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Astronomers: Newly discovered planet may be able to support life

By Sally Holland, CNN Producer
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Life on another planet?
  • Gilese 581g is 20 light years from Earth -- a near neighbor by galactic standards
  • Soon-to-be-published research says body is in "habitable" zone of its solar system
  • Scientists believe Gilese 581g has a mass three to four times that of Earth
  • A habitable planet has to be a rocky planet large enough to hold an atmosphere

Washington (CNN) -- Astronomers have discovered a new planet that just may be able to support life in a nearby solar system a mere 20 light years from Earth.

It's called Gliese 581g and is located in the constellation Libra. It circles the red dwarf star Gliese 581.

According to a research that is set to be published in the Astrophysical Journal, the planet is "squarely in the middle of the habitable zone of the star" which offers a very compelling case for a potentially habitable planet around a very nearby star.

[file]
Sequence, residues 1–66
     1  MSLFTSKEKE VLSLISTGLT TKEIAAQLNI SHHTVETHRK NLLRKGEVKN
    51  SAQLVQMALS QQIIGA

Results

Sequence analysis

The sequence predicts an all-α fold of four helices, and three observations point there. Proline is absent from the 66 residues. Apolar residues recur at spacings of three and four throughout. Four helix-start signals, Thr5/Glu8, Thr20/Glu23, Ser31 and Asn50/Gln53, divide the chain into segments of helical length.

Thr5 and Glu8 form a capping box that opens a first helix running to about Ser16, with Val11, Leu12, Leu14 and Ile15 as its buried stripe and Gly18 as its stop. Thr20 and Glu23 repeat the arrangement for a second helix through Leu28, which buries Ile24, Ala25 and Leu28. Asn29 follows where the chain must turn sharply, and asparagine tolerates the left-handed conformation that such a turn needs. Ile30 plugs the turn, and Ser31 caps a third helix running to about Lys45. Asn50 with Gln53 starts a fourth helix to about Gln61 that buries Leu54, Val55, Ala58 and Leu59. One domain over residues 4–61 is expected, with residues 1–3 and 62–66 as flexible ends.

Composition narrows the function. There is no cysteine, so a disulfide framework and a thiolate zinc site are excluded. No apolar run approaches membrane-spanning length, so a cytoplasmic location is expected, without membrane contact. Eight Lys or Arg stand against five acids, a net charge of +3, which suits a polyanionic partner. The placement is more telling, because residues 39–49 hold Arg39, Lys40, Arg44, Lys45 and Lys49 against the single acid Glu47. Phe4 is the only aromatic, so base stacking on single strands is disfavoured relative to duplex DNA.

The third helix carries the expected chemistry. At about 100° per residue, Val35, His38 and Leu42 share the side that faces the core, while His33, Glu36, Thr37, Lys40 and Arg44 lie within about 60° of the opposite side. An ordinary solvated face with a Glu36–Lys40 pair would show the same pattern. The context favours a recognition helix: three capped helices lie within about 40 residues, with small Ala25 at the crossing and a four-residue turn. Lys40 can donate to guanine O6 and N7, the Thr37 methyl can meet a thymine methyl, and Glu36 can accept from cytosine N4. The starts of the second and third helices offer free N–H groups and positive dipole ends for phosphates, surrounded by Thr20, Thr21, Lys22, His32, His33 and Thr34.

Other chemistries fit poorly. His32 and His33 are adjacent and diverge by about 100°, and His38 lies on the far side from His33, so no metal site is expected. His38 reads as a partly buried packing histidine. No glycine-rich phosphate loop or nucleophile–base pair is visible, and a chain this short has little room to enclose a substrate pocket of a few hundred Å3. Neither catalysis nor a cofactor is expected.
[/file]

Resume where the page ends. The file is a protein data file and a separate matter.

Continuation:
When a planet falls in the "habitable zone" it means that it orbits the star at a distance that allows for the planet to have both liquid water and an atmosphere, two conditions that are considered important for life to exist.

"Our findings offer a very compelling case for a potentially habitable planet," said Astronomy Professor Steven Vogt of the University of California Santa Cruz who lead the research along with Astronomer Paul Butler of the Carnegie Institute.

To scientists a "potentially habitable" planet is not one where humans would want to live, but rather one that could sustain life.

The scientists believe the new planet has a mass three to four times that of Earth and orbits its star approximately every 37 days.

It's likely rocky planet, according to Vogt. Size is another factor in determining the likelihood of a planet to be able to support life. It has to be large enough to hold an atmosphere, but not so large that it becomes an "ice giant" like Neptune or Uranus.

"If we discover life outside our planet, it would perhaps be the most significant discovery of all time," said Ed Seidel of the National Science Foundation. "This is clearly one of the most exciting areas of science these days."

The report can be found at